Mining for unity? The Artemis Accords and the development of international space governance

20 April 2022

Nicholas Gould

Nicholas Gould, Partner at Fenwick Elliott LLP and Visiting Professor at King’s College London

Nicholas Gould, Olivia Liang, Oliver Weisemann from Fenwick Elliott LLP explore space mining, the Artemis Accords and the development of international space governance.

In August of this year, NASA plans to launch its ‘Psyche’ mission to gather data on the composition of 16 Psyche, a large asteroid located in the asteroid belt between Mars and Jupiter. The asteroid is speculated to contain metals of a value of up to US$10 quintillion, so more than 100,000 times that of the global economy.

Space mining is the extraction of minerals and other raw materials from asteroids and other minor planets in outer space. Currently, this remains a hypothetical prospect. However, recent technological developments may bring the exploitation of these vast stores of resources closer to reality. In April last year, a Beijing-based private space mining company, Origin Space, launched the world’s first mining robot into space. The robot (known as NEO-01) was a prototype, launched to test various functions relevant to mining space objects.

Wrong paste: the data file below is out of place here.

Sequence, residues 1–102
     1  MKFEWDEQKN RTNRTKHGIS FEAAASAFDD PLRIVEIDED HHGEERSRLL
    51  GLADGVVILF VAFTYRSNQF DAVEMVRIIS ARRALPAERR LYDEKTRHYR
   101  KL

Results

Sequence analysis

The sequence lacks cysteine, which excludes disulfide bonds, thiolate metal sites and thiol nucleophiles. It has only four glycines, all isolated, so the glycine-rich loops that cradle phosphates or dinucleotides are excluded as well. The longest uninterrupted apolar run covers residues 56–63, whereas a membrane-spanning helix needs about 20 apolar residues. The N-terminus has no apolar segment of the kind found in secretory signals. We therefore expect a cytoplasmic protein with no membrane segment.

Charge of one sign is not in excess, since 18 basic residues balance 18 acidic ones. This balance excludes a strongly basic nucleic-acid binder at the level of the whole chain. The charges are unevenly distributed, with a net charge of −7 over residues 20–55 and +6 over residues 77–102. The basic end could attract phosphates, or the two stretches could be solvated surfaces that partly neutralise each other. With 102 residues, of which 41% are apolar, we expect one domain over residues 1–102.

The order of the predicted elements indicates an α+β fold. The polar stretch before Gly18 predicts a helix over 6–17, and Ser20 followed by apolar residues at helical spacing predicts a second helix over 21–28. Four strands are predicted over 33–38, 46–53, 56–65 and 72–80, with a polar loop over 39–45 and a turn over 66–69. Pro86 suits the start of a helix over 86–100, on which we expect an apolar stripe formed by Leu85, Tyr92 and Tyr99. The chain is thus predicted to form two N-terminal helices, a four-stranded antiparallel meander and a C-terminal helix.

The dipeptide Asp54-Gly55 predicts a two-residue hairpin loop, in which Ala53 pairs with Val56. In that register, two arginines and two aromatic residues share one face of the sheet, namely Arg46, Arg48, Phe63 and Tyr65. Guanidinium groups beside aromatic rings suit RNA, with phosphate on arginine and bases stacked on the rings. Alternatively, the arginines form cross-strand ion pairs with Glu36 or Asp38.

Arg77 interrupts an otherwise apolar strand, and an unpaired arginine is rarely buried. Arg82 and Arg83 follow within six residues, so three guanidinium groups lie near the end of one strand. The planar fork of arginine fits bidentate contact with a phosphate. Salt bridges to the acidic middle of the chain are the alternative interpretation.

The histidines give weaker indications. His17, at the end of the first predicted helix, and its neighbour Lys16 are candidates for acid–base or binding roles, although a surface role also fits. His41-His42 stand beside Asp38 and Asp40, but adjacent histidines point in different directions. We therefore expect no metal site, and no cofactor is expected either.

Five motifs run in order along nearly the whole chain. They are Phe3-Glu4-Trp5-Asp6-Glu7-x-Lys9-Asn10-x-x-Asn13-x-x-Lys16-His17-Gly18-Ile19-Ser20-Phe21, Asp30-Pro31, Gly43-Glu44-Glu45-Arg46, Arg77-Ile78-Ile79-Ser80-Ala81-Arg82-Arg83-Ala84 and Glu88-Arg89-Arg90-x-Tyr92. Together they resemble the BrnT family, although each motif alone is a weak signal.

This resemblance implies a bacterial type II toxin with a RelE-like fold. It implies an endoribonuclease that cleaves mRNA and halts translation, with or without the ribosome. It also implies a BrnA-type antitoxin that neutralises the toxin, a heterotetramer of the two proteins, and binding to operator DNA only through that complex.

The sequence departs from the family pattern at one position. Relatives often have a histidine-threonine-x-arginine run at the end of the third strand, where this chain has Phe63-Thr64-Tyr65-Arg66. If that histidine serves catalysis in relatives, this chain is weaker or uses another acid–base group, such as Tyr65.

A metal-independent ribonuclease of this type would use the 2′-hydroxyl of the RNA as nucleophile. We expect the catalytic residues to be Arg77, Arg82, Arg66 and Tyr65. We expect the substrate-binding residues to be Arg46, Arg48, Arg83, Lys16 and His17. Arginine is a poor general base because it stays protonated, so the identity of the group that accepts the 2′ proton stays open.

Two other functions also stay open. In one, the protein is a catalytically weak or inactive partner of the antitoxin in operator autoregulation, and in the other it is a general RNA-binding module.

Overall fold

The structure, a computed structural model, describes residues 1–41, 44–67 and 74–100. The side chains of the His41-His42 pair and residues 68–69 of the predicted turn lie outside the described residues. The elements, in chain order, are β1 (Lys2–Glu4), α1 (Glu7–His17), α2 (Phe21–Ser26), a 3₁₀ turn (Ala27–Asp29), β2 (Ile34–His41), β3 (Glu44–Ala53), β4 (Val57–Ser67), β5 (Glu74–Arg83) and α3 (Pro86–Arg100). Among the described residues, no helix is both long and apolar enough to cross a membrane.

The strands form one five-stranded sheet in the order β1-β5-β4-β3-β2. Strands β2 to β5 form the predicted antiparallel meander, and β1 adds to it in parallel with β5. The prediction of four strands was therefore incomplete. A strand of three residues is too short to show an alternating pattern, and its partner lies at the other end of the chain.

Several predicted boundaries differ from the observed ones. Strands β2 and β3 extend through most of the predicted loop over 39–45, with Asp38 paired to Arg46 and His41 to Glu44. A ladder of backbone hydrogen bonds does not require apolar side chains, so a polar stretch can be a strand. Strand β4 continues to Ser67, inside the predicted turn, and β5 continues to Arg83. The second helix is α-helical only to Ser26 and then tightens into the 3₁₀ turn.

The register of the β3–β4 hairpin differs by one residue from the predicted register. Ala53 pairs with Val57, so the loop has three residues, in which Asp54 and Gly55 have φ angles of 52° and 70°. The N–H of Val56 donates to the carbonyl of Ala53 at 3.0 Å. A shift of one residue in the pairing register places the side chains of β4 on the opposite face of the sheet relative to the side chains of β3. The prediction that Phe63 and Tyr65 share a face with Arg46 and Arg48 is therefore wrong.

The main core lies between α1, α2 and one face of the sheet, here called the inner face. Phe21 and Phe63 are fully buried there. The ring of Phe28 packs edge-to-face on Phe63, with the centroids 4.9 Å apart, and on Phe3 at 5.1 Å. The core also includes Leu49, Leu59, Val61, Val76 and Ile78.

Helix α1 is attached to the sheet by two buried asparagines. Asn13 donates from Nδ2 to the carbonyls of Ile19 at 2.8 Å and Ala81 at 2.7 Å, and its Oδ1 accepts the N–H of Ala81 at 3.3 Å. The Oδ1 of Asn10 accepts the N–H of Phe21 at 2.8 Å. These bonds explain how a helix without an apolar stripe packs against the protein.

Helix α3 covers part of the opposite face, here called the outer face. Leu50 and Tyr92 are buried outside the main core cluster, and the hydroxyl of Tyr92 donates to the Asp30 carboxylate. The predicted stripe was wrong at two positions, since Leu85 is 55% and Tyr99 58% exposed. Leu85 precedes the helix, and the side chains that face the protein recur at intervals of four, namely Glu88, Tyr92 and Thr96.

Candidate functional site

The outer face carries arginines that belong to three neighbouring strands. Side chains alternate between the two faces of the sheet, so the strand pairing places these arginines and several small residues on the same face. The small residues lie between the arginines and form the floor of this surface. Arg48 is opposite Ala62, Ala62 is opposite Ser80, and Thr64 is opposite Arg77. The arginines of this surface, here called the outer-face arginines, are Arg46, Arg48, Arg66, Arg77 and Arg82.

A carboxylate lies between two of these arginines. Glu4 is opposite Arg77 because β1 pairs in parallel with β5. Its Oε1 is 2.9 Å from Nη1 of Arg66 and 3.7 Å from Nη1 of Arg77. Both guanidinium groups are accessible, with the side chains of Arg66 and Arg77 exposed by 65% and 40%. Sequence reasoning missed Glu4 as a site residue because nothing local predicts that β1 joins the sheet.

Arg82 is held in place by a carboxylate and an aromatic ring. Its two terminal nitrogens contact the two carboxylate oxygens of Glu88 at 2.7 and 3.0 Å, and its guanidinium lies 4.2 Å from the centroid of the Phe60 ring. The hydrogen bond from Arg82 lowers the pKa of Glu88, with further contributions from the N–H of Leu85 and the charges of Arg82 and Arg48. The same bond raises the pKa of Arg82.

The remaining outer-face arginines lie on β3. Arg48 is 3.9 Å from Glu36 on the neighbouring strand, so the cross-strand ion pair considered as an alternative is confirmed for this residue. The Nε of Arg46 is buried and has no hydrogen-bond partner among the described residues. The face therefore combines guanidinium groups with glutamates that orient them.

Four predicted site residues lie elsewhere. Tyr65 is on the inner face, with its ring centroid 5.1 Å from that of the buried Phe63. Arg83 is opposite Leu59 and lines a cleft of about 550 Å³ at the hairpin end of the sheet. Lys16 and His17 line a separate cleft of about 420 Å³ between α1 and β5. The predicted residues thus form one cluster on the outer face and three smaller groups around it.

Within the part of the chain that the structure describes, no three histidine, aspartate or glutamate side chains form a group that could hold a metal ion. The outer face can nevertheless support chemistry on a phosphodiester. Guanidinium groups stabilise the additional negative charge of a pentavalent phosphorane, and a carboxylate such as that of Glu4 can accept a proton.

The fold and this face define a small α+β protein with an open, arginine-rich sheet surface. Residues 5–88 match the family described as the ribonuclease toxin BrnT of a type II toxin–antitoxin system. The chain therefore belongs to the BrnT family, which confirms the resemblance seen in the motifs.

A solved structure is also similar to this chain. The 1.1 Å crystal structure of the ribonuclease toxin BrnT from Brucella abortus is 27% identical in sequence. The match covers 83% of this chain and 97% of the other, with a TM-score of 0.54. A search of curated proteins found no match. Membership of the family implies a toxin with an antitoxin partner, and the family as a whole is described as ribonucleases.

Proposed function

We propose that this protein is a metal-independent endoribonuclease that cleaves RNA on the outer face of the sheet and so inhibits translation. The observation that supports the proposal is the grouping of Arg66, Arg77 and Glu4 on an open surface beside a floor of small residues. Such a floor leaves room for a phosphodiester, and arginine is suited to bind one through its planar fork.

Whether coincidentally or not, nation states have also taken steps over the last few years to reframe parts of the decades-old body of space governance regarding resource extraction. The signing of the Artemis Accords by several major global powers including the United States, the United Kingdom and Japan represents the recent step in this regard. The Accords have been conceptualised as part of the United States’ Artemis programme, which aims to return humans to the moon by 2024.

The Artemis Accords are bilateral agreements and are not binding instruments of international law. But they could have lasting influence on the development of international space law and practice. Many of the principles in the Artemis Accords represent re-commitments to the founding principles of outer space law enshrined in the 1967 United Nations Outer Space Treaty and its subsidiary agreements. The accords include commitments to transparency between spacefaring nations, the sharing of scientific data and emergency assistance of other nations’ vessels and personnel.

However, the Artemis Accords arguably depart from the Outer Space Treaty in a key way. While the position on the extraction and use of resources from celestial bodies in the Outer Space Treaty itself is ambiguous, the Accords take a far more definite position.

Article I of the Outer Space Treaty affirms that space exploration “shall be carried out for the benefit and in the interests of all countries, irrespective of their degree of economic or scientific development, and shall be the province of all mankind”. Article II specifically provides that outer space and celestial bodies are “not subject to national appropriation by claim of sovereignty, by means of use or occupation, or by any other means”.